Our Story

“I went out there for three weeks, and I wasn’t supposed to work. I was on medical observation and in pain, but if I told him he [would have] fired me. That’s how it goes when you’re Mexican and your boss is Anglo.”

Excerpts from Angela Hernandez’ interview with Shedra A. Snipes for a 2017 peer-reviewed article on the impact of racism on farmwork in US settings.

Angela’s story is representative of experiences of farmwork. Majority of hired farmworkers in the US identify as Hispanic, and the oppressive system of racism fuels low wages and unsafe working conditions. In the Fall of 2020, during a Community Based System Dynamics course, Ebuwa worked with the Marylanders for Food and Farm Workers, a community-based coalition, to apply complex systems research methods to protective COVID-19 policies for farmworkers.

She learned not only about the diversity of stakeholders in farmwork, but the complexity of problems; those which receive attention, and those that do not. For instance, there are grants and units within the US Department of Education dedicated to educational attainment for child farmworkers; however, this funding and research lacks a preventative emphasis on occupational hazards and systems of oppression. This sparked questions: “what health impacts result from occupational hazards on farms? What systems determine the experiences of farmworkers?”, and prompted our application into the Clinton Global Initiative University Fellowship.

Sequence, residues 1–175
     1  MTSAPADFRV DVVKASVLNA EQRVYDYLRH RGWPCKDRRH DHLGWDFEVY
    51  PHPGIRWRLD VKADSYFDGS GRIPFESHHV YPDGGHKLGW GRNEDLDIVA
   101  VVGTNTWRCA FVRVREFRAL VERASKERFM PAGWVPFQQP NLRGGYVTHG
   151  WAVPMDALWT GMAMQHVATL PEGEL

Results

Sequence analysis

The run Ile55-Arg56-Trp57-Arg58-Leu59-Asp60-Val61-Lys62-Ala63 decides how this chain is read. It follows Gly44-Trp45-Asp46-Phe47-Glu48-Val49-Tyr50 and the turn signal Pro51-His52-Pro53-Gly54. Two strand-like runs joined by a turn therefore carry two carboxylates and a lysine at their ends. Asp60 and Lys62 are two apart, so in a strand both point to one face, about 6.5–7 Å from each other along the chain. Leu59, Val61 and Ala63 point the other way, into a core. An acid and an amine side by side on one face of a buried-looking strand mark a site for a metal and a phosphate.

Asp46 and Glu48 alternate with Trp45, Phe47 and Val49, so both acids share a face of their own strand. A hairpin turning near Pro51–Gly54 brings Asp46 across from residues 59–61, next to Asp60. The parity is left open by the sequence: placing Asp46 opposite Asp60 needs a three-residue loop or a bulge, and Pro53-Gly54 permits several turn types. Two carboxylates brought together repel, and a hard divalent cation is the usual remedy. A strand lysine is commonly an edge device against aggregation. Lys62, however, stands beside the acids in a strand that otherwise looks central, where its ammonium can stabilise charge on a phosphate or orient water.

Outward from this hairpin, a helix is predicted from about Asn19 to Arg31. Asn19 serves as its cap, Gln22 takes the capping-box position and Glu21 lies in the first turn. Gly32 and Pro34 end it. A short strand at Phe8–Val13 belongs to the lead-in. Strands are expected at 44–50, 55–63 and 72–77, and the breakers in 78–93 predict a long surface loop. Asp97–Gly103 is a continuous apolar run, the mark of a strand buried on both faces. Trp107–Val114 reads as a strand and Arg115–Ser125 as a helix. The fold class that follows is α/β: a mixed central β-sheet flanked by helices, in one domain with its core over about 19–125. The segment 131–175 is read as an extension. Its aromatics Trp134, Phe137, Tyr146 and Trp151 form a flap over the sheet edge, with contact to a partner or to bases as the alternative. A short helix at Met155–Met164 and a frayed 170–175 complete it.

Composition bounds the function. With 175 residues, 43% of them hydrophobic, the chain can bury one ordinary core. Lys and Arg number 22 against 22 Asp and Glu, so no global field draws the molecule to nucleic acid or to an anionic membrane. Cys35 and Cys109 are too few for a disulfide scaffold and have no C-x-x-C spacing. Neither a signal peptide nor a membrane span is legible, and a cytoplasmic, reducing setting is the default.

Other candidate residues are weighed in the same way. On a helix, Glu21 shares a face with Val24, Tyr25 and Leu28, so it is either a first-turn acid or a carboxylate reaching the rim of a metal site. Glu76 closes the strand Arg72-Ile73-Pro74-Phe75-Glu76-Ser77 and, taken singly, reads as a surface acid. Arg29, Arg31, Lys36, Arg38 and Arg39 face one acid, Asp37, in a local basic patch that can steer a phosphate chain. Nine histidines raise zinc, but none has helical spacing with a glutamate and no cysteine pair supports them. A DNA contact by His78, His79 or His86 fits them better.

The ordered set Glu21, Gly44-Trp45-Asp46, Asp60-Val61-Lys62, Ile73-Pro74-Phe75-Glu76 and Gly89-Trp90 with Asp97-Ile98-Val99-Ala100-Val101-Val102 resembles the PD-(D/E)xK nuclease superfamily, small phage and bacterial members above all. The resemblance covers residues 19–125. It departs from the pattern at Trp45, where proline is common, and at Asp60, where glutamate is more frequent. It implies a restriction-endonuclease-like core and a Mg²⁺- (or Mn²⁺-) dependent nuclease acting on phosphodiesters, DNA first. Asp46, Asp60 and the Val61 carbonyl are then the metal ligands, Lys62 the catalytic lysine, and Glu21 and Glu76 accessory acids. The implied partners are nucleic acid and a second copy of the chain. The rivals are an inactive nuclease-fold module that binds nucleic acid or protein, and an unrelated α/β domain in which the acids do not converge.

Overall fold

Our combination of a rapid literature review with complex systems research provides not only the landscape of peer-reviewed literature, but the perspectives of stakeholders otherwise left out of the conversation (see lab note entitled, “Complex Systems Research for Policy Innovation”). The costs of potential harm and trauma to child farmworkers caused by direct research methods outweigh the benefits. Instead, we are reaching out to community advocates who have decades of experience working with farmworker families in direct programs, research and advocacy contexts. It is our hope to coalesce both forms of knowledge and offer a policy path to improving health for child farmworkers, one which centers their experiences.